Japan Institute for National Fundamentals

Policy Proposals

2008.07.04 (Fri)

Again, We Oppose the Removal of North Korea from the SST List

July 4, 2008

Recommendations from JINF (Japan Institute for National Fundamentals)

Again, We Oppos e the Removal of North Korea from the SST List


We urge the U.S. not to remove North Korea from the SST (State Sponsor of Terrorism) list, as doing so would violate U.S. domestic law.

We urge Japan to consider taking assertive steps toward strengthen ing independent deterrent force s , which would include exploring the reevaluati o n of the Three Non-Nuclear Principles.

On June 26, 2008, the U.S. government notified Congress of its intention to rescind North Korea’s designation as an SST (State Sponsor of Terrorism). Barring the enactment of a blocking resolution, the rescission may take effect within 45 days (on August 11).

JINF has devoted considerable attention to this problem. In January of this year, we issued recommendations under the title “Keep North Korea on State Sponsors of Terrorism List.” In May , we published additional objections and urgent recommendations. Needless to say, we are deeply disappointed at this latest turn of events.

In our January recommendations, JINF stated that according to U.S. domestic law, the removal of a nation from the SST list requires a Presidential determination that the government of the nation in question has not supported international terrorism for the past six months. The problems listed below demonstrate that the North Korean government has not satisfied some critical requirement s including the above condition .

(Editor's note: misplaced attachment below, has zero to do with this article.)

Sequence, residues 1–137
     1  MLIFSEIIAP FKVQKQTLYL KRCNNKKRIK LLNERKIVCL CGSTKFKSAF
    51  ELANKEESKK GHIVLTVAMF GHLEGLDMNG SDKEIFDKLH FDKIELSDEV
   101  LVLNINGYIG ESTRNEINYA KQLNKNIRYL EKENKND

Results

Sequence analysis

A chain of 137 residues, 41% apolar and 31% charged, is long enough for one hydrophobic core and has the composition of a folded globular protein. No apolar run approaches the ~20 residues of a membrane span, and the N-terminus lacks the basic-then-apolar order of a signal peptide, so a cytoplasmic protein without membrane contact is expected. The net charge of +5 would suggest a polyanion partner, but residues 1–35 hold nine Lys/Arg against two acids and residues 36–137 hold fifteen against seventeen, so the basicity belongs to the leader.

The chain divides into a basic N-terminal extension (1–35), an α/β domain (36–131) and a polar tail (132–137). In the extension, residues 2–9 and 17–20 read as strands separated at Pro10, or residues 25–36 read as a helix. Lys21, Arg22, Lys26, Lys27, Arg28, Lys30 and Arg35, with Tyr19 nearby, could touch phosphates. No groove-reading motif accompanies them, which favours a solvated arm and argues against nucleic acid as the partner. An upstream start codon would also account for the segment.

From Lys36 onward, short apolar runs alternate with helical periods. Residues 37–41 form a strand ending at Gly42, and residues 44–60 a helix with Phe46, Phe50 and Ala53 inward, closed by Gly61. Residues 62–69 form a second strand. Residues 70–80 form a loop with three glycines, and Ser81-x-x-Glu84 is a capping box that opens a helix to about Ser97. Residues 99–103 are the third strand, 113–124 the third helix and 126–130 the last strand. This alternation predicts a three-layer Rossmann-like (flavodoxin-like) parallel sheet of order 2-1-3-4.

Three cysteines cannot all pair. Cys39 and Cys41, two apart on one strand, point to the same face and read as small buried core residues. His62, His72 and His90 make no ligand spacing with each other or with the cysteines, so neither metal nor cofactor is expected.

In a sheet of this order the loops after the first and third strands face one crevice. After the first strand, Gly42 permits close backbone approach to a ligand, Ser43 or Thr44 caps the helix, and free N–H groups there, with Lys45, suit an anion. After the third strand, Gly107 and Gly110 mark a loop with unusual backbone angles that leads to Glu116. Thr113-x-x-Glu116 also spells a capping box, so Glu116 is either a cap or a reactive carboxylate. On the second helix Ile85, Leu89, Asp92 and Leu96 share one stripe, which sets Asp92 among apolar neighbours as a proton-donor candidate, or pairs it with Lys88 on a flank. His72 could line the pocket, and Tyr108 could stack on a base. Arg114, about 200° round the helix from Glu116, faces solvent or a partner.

The fact that North Korea still holds a large number of abductees captive indicates its continuing sponsorship of terrorism in the form of abductions. If North Korea is, in actuality engaged, in nuclear cooperation with Syria, another state sponsor of terrorism, then we have additional proof of its continuing sponsorship of terrorism.

Removal of North Korea from the SST list prior to a thorough examination of that nation s declaration of all its nuclear programs, and prior to the refutation of the suspicion of nuclear cooperation with Syria, would be defying the will of the international community, which opposes North Korean possession of nuclear capability.

By removing North Korea from the SST list, the U.S. would be applying far less stringent standards to North Korea than it did to Libya.

The decision announced by the U.S., i.e., the intention to rescind North Korea s designation as a state sponsor of terrorism, seems high-handed, considering that none of these problems has been resolved. In doing so, the U.S. has both distorted its internal legislation and undermined the trust of one of its staunchest allies , Japan. Additionally, the declaration provided by North Korea contains no specific information about the number of nuclear bombs it possesses, the location of nuclear bomb plants, enriched uranium programs, or nuclear proliferation to Syria and other nations. In other words, it is not a “complete and correct declaration,” which the six-party agreement concluded on February 13, 2007 requires. By removing North Korea from the SST list under these circumstances, the U.S. will be effectively legitimizing the nuclear armament of a terrorist nation that has abducted a permanent resident of the U.S. and citizens of Japan, and continues to detain them.